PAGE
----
I once heard it said that catharsis, on its own, does not lead to relief from our sufferings. I don’t think I truly understood that statement until last night.
In the small hours yesterday, I took the opportunity to blog anonymously on a writing prompt related to something difficult, and thereby obtain catharsis in doing so. It had rather the opposite effect.
What is meant by catharsis? There are endless dictionary definitions, but I had presumed that catharsis meant releasing something, leading to relief. Writing about suffering, however, does not lead to relief, even if it may lead to release, if we omit the element of hope.
Last night I was unable to sleep, worrying about a loved one and the dangers she was courting in her life. Of course, we cannot protect those we love when they are adults and capable of making their own decisions. However, some of those decisions were causing me grief, and making me question the rightness of my own decisions in life. So I availed myself of the opportunity to blog about it, anonymously, as per the invitation.
I don’t think I was ready for what this kind of writing would make me feel. Today, I felt a raw mix of depression and anger – not about my loved one or her situation, and maybe not even about me and my situation, per se. However, I felt there was no hope.
The problem with catharsis as framed is that it can lead to hopelessness. It’s one thing to express our feelings, our fears, our sadness, and even our anger about something. However, there’s the rub. Talking about it doesn’t lead to any kind of resolution, and without the right support, can lead to greater despair.
I always thought of anger as the flip side of depression, but I now recognize anger in myself as a kind of hopelessness – recognition that often there isn’t justice in life, that there are things you can’t control, and that there are people who will judge you (and often you are that person).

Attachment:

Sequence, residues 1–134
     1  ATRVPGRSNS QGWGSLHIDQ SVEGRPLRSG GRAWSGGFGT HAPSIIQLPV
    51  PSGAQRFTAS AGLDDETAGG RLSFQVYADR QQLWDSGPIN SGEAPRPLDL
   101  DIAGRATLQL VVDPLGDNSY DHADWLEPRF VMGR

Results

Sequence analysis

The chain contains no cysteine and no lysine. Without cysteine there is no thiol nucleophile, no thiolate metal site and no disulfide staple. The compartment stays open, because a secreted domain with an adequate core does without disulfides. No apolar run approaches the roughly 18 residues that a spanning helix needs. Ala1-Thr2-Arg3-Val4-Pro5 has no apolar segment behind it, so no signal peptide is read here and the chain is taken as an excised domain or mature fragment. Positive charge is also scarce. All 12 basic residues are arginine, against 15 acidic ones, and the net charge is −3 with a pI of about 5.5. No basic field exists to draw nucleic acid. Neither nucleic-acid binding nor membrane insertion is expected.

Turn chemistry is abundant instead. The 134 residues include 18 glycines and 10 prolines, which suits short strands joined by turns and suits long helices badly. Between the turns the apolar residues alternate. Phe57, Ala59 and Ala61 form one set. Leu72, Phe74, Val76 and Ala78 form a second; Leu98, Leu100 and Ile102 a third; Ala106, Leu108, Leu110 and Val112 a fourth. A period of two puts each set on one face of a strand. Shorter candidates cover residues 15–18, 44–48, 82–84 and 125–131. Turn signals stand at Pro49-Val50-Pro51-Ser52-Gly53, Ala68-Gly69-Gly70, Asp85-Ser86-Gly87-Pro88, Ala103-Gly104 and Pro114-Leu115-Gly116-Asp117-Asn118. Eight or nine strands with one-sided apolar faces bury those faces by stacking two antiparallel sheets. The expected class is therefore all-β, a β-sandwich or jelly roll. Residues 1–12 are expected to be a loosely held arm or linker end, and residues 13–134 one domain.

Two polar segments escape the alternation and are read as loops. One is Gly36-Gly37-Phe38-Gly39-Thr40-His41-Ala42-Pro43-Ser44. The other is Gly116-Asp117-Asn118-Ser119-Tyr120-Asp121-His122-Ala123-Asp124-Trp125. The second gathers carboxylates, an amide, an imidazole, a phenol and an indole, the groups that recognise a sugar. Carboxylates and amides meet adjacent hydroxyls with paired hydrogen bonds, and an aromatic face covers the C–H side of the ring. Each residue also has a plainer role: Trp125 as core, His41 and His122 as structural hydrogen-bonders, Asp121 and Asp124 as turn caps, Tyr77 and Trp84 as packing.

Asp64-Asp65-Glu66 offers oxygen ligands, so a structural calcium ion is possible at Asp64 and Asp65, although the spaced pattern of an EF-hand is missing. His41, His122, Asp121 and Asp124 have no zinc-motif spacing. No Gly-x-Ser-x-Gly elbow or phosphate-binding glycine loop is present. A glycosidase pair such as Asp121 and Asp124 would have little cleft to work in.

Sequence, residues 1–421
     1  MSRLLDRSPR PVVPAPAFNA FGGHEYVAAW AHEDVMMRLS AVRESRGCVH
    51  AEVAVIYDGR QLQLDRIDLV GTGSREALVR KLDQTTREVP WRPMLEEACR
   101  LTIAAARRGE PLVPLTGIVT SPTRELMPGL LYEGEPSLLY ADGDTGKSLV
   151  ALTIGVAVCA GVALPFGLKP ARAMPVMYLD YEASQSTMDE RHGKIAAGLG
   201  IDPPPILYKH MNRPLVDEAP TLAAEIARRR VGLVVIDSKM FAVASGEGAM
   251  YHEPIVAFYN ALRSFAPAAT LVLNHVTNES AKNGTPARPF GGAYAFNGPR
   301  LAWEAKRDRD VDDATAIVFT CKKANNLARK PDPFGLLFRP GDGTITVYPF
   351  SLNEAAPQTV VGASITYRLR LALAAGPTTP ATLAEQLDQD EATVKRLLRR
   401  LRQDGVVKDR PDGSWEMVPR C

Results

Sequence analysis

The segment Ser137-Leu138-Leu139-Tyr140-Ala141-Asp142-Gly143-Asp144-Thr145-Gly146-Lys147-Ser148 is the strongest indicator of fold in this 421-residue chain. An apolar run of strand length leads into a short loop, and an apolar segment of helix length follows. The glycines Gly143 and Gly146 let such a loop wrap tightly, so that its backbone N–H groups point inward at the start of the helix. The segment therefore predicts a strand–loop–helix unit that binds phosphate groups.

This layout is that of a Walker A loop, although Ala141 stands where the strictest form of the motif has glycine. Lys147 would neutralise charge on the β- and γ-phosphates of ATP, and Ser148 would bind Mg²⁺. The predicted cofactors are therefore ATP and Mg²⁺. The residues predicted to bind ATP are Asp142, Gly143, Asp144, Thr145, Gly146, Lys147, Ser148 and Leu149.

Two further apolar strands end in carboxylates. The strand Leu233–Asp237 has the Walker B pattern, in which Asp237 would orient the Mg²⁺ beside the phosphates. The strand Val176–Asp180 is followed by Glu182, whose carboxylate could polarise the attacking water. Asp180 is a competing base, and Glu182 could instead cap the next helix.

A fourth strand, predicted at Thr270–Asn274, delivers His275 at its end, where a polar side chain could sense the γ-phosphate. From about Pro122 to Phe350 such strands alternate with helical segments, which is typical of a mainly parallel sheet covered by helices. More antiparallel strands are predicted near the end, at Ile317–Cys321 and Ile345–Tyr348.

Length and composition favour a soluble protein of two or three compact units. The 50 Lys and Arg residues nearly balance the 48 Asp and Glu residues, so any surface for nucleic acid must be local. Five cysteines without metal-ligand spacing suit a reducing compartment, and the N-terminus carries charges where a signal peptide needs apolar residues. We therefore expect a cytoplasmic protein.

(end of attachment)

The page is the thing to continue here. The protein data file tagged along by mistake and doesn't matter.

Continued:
Catharsis opened the hopelessness of the situation to me, and therefore opened stronger feelings of sorrow, anger and helplessness.
I understand better now that piece of wisdom about catharsis. The conclusion of my early morning catharsis was only an acute sense of how little I could do about the situation that faced me. It also reminded me that I was responsible for my feelings, and the suffering they caused me. This is the kind of philosophy that is promoted freely by many: that negativity attracts negativity, and likewise, positivity attracts positivity.
However, reviewing my situation a day later, now that the depression and anger stirred up by my cathartic writings have settled, I realize that catharsis is not just about release, it is about relief. To me, that means acknowledging, but then accepting; despairing, but then comfortinging; helplessness, but then hopefulness.
The most important part of catharsis is moving from release to relief. Both come when you face your suffering with a compassionate heart, without self-blame and self-recrimination, by just by accepting “what is”. It is important to give ourselves the release of talking about our burdens, but it is even more important to deal kindly with ourselves, and to handle the consequences of our emotions and ourselves with compassion.
Positive and negative implies judgement. Compassion comes with just accepting what is, without blame. Compassionate thinking is what will heal us.